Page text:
Adolph A Weinman

US Coin Designer and Engraver - Mercury Dime and Walking Liberty Half Dollar

Adolph Alexander Weinman was born on December 11, 1870 in Durmersheim, Germany. Adolph was raised by his father Gustave Weinmann, a shoemaker, and by his mother Katherina Weingaertner Weinmann. They lived together as a family in the city of Karlsruhe from 1877 up until 1880. In 1880, the father Gustave died, which precipitated in his widow's move with her sons, Gustav and 10-year old Adolph, to the United States, where two daughters previously moved. Adolph lived with his mother and brother until his brother's death; at about age 16, and he then began learning the grocery trade. Like many of those who immigrated to the United States, Adolph changed his last name from Weinmann to Weinman (dropped the last "n") in order to convert it into a more English name after becoming a citizen in 1898.

Photo of Adolph A. Weinman
Photo of Adolph A. Weinman, coin designer, engraver, medalist and sculptor.


As Weinman grew up in America, he began developing a talent for art, modeling, drawing and carving. At the age of 15, he signed up for an apprenticeship under Frederick Kaldenberg, who was a carver of wood and ivory, in 1885. Weinman continued to hone his skills and become more experienced in the arts. Many of his early works included carving objects such as smoking pipes and mirror frames out of wood or ivory. After one year of working with Kaldenberg, Adolph also joined the New York City Cooper Union and then later at the Art Students League where he studied more about drawing. He was first exposed to sculpture at Cooper Union. After 5 years, Weinman had completed his apprenticeship and then joined Philip Martiny's medalist studio at the age of 20. This is when he finally got into working on arts related to medals and eventually coins. In addition to his NYC studio, Adolph Weinman also worked under Martiny at the Chicago World's Fair of 1893 on enormous architectural works.

At the time, Philip Martiny was highly reputable and Weinman was establishing his own name as a serious artist. 5 years later, Weinman was able to become the assistant director at Olin H. Warner's studio in 1895. Unfortunately, Olin Warner died and Weinman was forced to move on and work for someone else. This time, he was able to study under Augustus Saint Gauden at the Art Students League, and worked in his studio. Weinman only got to work with him for only 3 years before Augustus Saint Gaudens moved to Paris, France in 1898. St. Gaudens went to Paris to work on the Sherman Monument, but also maintained studios in NYC and Cornish, NH during that time. Saint Gaudens by the way, would end up being one of the most legendary coin designers in the world a few years later in 1907, the same year he died.

After Saint Gaudens left America, Adolph Weinman again needed to find another place to continue his work, and so he joined up with popular medalist Charles H. Neihaus and worked in his studio for another 5 years. During this time, he studied and became even more skilled in the arts. Eventually, Weinman joined up with Daniel Chester French and worked as French's assistant. Daniel French was the one who had indirect connections with US coinage. By serving on the Commission of Fine Arts, he also got to oversee which coin designs were being chosen, and some of his minor work made it onto US coins. The Weinman-French partnership only lasted about 2 years until they broke up and Weinman started his own studio in 1904, at last.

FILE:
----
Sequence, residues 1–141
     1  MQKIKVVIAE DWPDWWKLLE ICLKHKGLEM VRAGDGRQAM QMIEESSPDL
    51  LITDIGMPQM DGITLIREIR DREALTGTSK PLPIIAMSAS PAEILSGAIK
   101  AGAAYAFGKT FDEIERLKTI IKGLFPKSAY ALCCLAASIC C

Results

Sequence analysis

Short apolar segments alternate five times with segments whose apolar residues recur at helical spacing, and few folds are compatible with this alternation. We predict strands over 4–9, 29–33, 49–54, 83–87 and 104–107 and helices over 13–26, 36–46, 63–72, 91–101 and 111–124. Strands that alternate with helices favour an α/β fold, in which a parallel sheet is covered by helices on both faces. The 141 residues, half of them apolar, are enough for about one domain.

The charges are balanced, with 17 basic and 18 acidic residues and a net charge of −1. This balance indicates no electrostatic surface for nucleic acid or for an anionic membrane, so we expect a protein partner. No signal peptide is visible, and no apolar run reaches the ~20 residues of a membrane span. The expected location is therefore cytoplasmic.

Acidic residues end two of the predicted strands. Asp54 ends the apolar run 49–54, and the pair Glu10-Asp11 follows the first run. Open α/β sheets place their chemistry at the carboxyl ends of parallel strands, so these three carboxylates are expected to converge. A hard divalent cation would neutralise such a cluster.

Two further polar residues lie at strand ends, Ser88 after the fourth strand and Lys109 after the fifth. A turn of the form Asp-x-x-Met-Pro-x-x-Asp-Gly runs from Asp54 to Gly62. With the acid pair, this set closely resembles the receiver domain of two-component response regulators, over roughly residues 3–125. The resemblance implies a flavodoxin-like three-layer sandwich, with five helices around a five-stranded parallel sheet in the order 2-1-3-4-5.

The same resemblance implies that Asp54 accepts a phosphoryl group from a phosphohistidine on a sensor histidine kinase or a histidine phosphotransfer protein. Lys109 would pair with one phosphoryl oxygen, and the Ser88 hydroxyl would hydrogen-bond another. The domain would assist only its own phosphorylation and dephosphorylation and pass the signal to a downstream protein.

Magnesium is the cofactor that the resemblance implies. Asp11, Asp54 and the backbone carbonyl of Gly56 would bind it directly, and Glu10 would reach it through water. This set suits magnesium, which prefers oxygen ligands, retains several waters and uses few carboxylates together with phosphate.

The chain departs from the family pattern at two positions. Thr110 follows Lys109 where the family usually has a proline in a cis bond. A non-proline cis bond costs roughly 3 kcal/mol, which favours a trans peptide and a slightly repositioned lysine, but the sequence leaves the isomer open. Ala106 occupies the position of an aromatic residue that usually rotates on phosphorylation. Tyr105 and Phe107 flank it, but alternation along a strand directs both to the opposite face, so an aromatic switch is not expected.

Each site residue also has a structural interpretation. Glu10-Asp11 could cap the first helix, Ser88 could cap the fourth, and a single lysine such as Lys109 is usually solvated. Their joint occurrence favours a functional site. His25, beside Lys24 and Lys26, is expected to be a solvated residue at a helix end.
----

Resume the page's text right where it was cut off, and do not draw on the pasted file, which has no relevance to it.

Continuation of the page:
Weinman began working on some of his first commissions, which included an award medal that would be given to participants at the Louisiana Purchase Exposition of 1904 in St. Louis. This medal was struck and produced at the Philadelphia US Coin Mint. This coin was an early predecessor of the silver US half dollar coin that he would be designing in the future as both have similar designs of a walking liberty on the reverse.

Adolph Weinman's award medal for 1904 Louisiana Purchase Exposition
1904 Louisiana Purchase Exposition Award Medal, designed by Adolph A. Weinman.


Adolph did eventually meet up with Augustus Saint-Gaudens in 1905. The two sculptors worked together to produce a medal for President Theodore Roosevelt's inauguration. Saint-Gauden's health was diminishing at this time, but he had a great Renaissance style and vision, so Weinman and his high level of experience was responsible for modeling this piece. St. Gaudens asked Roosevelt to accept Weinman on the project because St. Gaudens's knew his own health was declining, that he was dying and that he had other works he wanted to finish. Again, his involvement with President Roosevelt, who was very passionate about the redesign of US coinage, and working Saint Gaudens, really helped propel him towards working with the US mint.

In 1916, the Commission of Fine Arts invited Weinman and two other sculptors to submit their ideas and designs for a US dime, quarter and half dollar. The commission ended up choosing his designs for the dime and half dollar. However, a competing sculptor by the name of Hermon A. MacNeil, was successful in getting his design selected for the US quarter dollar and would be known as the Walking Liberty Quarter.